As business owners are sometimes surprised to learn, the costs and effort associated with developing online functionality like a web storefront or online property listing system are far more involved than creating a simple “brochure” website that only tells people about your business. It’s really a whole different ballgame. Unfortunately, unless you have some web programming background and are able to peek “under the hood” of a website, you might think that two sites that look and work the same on the outside are identical. So if two developers offer to develop the same functionality, shouldn’t you choose the one that can get it done faster and cheaper? Not necessarily.

When the first version of your website is complete, everything (hopefully) looks and works as desired and meets your business needs. But business needs are always changing, and the programming “under the hood” of your website becomes important when you need to update it to keep pace with your business. You may need to add a completely new type of product to your storefront, or a new feature like a shopping “wishlist” for your customers .

Good developers use several tools and techniques to keep website code well organized and easy to understand so these types of structural changes are easier to make. One popular and effective technique is to split up a website’s code into three independent areas: the visual presentation of text and graphics that appear on the screen; the website logic or “flow” that figures out which of those pages to load as a user navigates your site; and the data storage piece that stores and retrieves information like customer data or product details.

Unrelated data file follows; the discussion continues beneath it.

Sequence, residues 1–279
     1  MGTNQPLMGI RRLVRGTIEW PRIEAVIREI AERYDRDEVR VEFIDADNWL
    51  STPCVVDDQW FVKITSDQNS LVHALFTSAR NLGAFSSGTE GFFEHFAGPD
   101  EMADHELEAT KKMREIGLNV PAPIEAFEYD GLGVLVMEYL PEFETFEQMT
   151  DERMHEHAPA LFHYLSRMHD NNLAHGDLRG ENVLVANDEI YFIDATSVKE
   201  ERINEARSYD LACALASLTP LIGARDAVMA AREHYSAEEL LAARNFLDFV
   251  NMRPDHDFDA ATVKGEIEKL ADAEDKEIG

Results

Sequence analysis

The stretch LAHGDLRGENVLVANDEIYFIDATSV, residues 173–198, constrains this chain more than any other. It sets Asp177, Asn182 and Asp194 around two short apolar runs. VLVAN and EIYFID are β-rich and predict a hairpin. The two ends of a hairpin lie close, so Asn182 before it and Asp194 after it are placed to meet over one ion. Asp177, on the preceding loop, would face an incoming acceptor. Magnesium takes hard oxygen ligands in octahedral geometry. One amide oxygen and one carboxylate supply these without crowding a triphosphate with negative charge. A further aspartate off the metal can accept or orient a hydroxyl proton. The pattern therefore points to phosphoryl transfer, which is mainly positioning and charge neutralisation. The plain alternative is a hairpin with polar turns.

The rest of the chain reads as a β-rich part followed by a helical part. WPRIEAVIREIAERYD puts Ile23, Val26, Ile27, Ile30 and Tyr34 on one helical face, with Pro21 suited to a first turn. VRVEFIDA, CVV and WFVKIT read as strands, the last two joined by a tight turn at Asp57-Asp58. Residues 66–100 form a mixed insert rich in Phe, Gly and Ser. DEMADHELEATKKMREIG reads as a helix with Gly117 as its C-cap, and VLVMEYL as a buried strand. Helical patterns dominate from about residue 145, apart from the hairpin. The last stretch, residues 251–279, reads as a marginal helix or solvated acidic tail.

This is just one way to organize website code, but the advantage is that any of these areas can be changed without affecting the others. So if one day you decide you want to change the look and feel of your website, the developer doesn’t have to worry about the information flow or data storage. They can just change the look and feel. This is also makes updating your website safer because updates done to one area don’t affect the other areas. Sometimes quality coding costs a little more or takes more time up front, but the payoff comes when your business changes and your website needs to change with it.

As automobile manufacturers know, when developing a new car model, it’s important take some extra time in the planning stage so that parts like the chassis and engine can be put together in several different configurations depending on what’s required. Many of the same parts can be combined in different ways to make an SUV, a sedan, or even a sports coupe. Similarly, websites are made up of many pieces of code. If those pieces have been designed well, it’s much easier to reconfigure your website to keep up with your business as it changes.  By working with a developer who takes this extra time on version 1.0, you can make sure you won’t have to start all over when it’s time for version 2.0.